Supernatural heroes, manga adaptations, and loving odes to Japanese monster movies were just a few of the topics Guillermo del Toro discussed with an audience of fans this past Saturday at the third annual Los Angeles Times Hero Complex Film Festival.

Following screenings of The Devil’s Backbone and Pan’s Labyrinth, two of his most iconic films, the ever-industrious del Toro chatted at length about several of his upcoming projects, including July’s anticipated release, Pacific Rim. He also talked about Monster, the screen rendition of Naoki Urasawa’s comic that he’s working on for HBO, and – perhaps most noteworthy – his potential treatment for DC’s Justice League Dark.

On the giant monsters/giant robots front, del Toro played a new Pacific Rim trailer for his audience, though the clip appears to have little new footage in it (largely revolving around Charlie Day’s scientist character) and mostly contains the same shots as the WonderCon trailer from earlier this year. (No word on whether or when the general public gets to see the trailer for themselves.)

The bigger announcements were those del Toro made pertaining to Justice League Dark and Monster. This isn’t the first time he’s mentioned either production – just a couple of months ago, he described working on Justice League Dark (previously referred to as Heaven Sent) as a “meeting with old friends,” and he initially brought up Monster toward the end of April of this year. But he had more information to share at the festival, specifically regarding who we can expect to see take the stage in Justice League Dark – that is, if the film even makes it off the ground.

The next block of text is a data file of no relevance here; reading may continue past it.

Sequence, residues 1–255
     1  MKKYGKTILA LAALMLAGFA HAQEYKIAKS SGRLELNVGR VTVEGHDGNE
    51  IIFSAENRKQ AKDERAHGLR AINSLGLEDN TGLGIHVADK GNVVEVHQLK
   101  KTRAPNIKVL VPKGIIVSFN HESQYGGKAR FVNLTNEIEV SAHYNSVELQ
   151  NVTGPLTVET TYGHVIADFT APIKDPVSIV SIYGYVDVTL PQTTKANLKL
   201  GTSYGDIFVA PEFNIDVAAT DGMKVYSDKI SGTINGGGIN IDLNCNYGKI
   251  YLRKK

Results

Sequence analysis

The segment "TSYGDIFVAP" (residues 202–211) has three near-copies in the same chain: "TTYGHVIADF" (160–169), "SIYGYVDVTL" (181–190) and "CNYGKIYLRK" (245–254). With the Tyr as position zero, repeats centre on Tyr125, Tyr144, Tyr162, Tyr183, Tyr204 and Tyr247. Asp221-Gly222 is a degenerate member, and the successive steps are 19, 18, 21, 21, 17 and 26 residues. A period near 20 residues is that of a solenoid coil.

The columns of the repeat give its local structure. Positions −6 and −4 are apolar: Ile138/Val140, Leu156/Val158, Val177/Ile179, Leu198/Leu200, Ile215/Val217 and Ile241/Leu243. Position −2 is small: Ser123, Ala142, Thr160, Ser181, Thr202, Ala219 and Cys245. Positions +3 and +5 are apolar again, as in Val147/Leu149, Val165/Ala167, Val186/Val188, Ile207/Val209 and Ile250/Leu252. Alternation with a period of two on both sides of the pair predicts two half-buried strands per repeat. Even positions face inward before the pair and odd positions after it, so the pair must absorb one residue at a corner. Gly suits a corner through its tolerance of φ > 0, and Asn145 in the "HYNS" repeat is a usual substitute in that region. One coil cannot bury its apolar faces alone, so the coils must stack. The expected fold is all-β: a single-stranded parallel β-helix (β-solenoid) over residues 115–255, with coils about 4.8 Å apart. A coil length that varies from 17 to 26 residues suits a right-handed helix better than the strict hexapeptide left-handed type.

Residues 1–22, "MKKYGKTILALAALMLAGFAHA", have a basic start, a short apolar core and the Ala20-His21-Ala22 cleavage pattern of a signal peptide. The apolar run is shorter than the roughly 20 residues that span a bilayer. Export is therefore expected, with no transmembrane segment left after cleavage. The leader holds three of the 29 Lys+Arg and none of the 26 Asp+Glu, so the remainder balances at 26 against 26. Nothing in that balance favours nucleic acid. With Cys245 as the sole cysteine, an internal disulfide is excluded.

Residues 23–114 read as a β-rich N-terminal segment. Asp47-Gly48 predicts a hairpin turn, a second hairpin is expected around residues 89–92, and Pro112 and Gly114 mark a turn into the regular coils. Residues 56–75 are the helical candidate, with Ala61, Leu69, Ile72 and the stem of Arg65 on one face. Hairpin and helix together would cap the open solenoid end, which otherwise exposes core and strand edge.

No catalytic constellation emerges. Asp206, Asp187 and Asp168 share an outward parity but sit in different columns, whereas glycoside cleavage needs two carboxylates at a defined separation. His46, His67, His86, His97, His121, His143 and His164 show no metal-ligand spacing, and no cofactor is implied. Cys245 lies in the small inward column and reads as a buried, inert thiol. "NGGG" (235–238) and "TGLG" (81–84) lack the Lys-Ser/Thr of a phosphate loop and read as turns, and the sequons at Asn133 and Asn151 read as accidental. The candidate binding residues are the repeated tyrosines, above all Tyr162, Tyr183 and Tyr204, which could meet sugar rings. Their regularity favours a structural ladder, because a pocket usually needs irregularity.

Speaking to attendees, del Toro named Constantine, The Swamp Thing, Madame Xanadu, Deadman and Zantanna as the core members of the occult and otherworldly superhero team; he hinted at the involvement of other characters, but kept mum on their identities to keep from giving too much away and building expectations too high. Of course, that may not be a problem in the long run: Justice League Dark doesn’t even have a green light at present, so it’s currently just a possibility instead of a reality.

It could be that Warner Bros. is just waiting to see what del Toro has for them in terms of a screenplay, but no matter what, it’d be a shame to see this one slip away from him. He’s proven his hand at making non-traditional superheroes work on the big screen twice now with both of his Hellboy films, and if nothing else, Justice League Dark sounds like it falls well within the macabre, weird wheelhouse of those pictures. Hopefully, WB likes what del Toro is selling them – in the inevitable future glut of superhero team movies, Justice League Dark could be a refreshing, alternative tonic.

Monster, on the other hand, reads like a break from the creature-oriented fare Del Toro likes to busy himself with (though perhaps savvy readers can better speak to the tone of the manga). Rather than focus on a nightmarish beast, as the title suggests, Monster follows a Japanese surgeon who comes to believe that a young boy he saved in the past has grown up into a homicidal killer with genocidal intentions. Per del Toro, he only earned the Urasawa’s permission to adapt the manga after agreeing to provide the author with outlines for each episode of the first season; to that end, his chief aim in helming the show is respecting Urasawa’s vision. Again, Monster isn’t a sure thing, but given that del Toro just sent HBO his pilot script, we may find out about its chances sooner rather than later.

So continues del Toro’s ever-burgeoning work slate. Maybe all of this is for naught and neither Justice League Dark nor Monster will see the light of day, but anything del Toro makes tends to be worth seeing, so here’s hoping at least one of them manages to get the go-ahead for production. What do you think, Screen Ranters? Do these sound like worthy projects, or are you waiting for Pacific Rim before you decide?

Pacific Rim arrives in theaters on July 12th, 2013; we’ll keep you posted on updates about Justice League Dark and Monster as they become available.

Source: Collider